AARP reacts to Recent Budget Cuts for Ohio's Newly Enacted HB 2

Posted on 06/04/21

Michael Chan

Updated June 4, 2021
In May 2021, Gov. Mike DeWine signed Ohio House Bill 2 (HB 2) into law. This established the Ohio Residential Broadband Expansion Program with an initial $20 million to expand high-speed internet access. This bill came with the intention to use additional funding that is being negotiated in the state budget. The Ohio House representatives included $190 million in their version of the budget to fund this high-speed internet expansion. However, the Ohio Senate would eliminate all additional funding for this expansion.

Photo courtesy of RYosha (

Introduced in February, HB 2 quickly made its way to Gov. Mike DeWine for signing. Sponsored by Rep. Rick Carfagna (R-Genoa) and Rep. Brian Stewart (R-Ashville), HB 2 is meant to help fund Ohio’s expansion of high-speed internet for qualifying communities.

Last year, as Ohio went remote, quality internet access became a necessity for students, educators, caretakers, medical staff, and workers. Businesses were forced to adapt and integrate new technologies to deliver products and services. Offices were forced to shift productivity online. Small and local businesses, including restaurants, required greater amounts of connectivity to receive and fulfill orders. 

Despite how necessary high-speed internet has become, there are still a significant number of Ohioans left without it. This problem is worse in rural areas, where an astounding 25% of Ohioans are unserved. The cost to do business in certain areas of the state results in both unserved and underserved households and businesses, particularly in these rural and lower-income urban areas. Motivated by his experience in the cable industry, Carfagna recalled how his company was oftentimes unable to expand in underserved areas due to costs.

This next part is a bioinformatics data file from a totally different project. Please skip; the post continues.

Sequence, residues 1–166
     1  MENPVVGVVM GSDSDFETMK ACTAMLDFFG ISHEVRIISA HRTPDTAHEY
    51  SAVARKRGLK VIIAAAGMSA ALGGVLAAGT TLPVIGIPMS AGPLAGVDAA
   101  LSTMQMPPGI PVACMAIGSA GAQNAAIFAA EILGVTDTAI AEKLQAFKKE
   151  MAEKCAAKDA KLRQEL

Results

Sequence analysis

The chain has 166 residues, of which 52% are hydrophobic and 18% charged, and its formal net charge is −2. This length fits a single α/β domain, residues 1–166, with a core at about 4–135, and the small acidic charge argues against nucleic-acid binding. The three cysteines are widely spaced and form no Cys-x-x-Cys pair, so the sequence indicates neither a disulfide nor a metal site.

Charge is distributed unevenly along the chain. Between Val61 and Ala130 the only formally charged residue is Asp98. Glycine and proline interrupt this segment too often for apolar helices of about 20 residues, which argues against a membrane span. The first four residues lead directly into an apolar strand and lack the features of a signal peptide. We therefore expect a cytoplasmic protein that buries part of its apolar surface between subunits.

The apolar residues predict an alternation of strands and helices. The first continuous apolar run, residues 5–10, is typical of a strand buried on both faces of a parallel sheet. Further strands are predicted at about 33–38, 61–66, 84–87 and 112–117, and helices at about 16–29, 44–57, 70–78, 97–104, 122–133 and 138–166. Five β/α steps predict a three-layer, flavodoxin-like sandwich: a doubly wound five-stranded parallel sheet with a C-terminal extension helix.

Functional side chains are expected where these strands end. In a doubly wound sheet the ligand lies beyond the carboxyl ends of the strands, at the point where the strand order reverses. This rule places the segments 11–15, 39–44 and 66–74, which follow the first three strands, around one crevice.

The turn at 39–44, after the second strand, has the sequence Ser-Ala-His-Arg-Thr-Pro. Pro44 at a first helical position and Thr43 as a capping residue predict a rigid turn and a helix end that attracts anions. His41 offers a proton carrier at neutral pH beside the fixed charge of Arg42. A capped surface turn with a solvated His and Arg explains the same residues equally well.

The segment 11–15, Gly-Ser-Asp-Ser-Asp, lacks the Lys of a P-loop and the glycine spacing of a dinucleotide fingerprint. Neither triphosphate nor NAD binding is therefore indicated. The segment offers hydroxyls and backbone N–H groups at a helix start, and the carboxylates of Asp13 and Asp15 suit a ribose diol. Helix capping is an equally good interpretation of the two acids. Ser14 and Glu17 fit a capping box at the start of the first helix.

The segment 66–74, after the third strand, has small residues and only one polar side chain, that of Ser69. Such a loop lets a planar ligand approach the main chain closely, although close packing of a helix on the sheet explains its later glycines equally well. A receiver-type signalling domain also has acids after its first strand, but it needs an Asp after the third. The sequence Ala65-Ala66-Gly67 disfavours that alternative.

HB 2 is a revival of Carfagna’s efforts with HB 13—introduced in May 2019. HB 13 made little progress until lockdowns struck in 2020, which brought quicker legislative action. AARP Ohio supported HB 13’s measures to increase high-speed internet access as an emergency response to these lockdowns. Even with the bill’s strong bipartisan support, it never came to a vote in the House. This year, with support from AARP Ohio’s advocacy team and volunteers, legislation to increase high-speed internet access not only passed, but the final version of HB 2 included substantial improvements (read AARP Ohio’s testimony here).  HB 2 eliminated a provision requiring municipalities to contribute money in order to receive grants.

AARP Ohio’s Assistant State Director of Advocacy, Jason Smith, explains, “We were very concerned that would act as a disincentive for the communities who need the support the most from participating in the program. Because those tend to be less affluent, rural communities who may not have the local tax base in order to participate in the programs.” 

AARP Ohio identified areas for improvement within the program, such as allowing participation from the government and private companies supported by the government. In turn, there would have been the potential for new public-private partnerships. The standard for these high-speed internet speeds could have been improved. HB 2 sets the bar at 25 Mbps downstream and 3 Mbps upstream, which aligns with the definition of high-speed internet, set by the Federal Communications Commission. However, a higher standard would better fit with emerging technologies and needs.

ARP Ohio’s supporters were instrumental in the passing of this legislation. Still, the Ohio Senate took away the funding for the Ohio Residential Broadband Expansion program. Help restore the funding needed to make change.

Sign up via email to become an AARP Ohio advocacy volunteer.

This story is provided by AARP Ohio. Visit the AARP Ohio page for more news, events, and programs affecting retirement, health care, and more.

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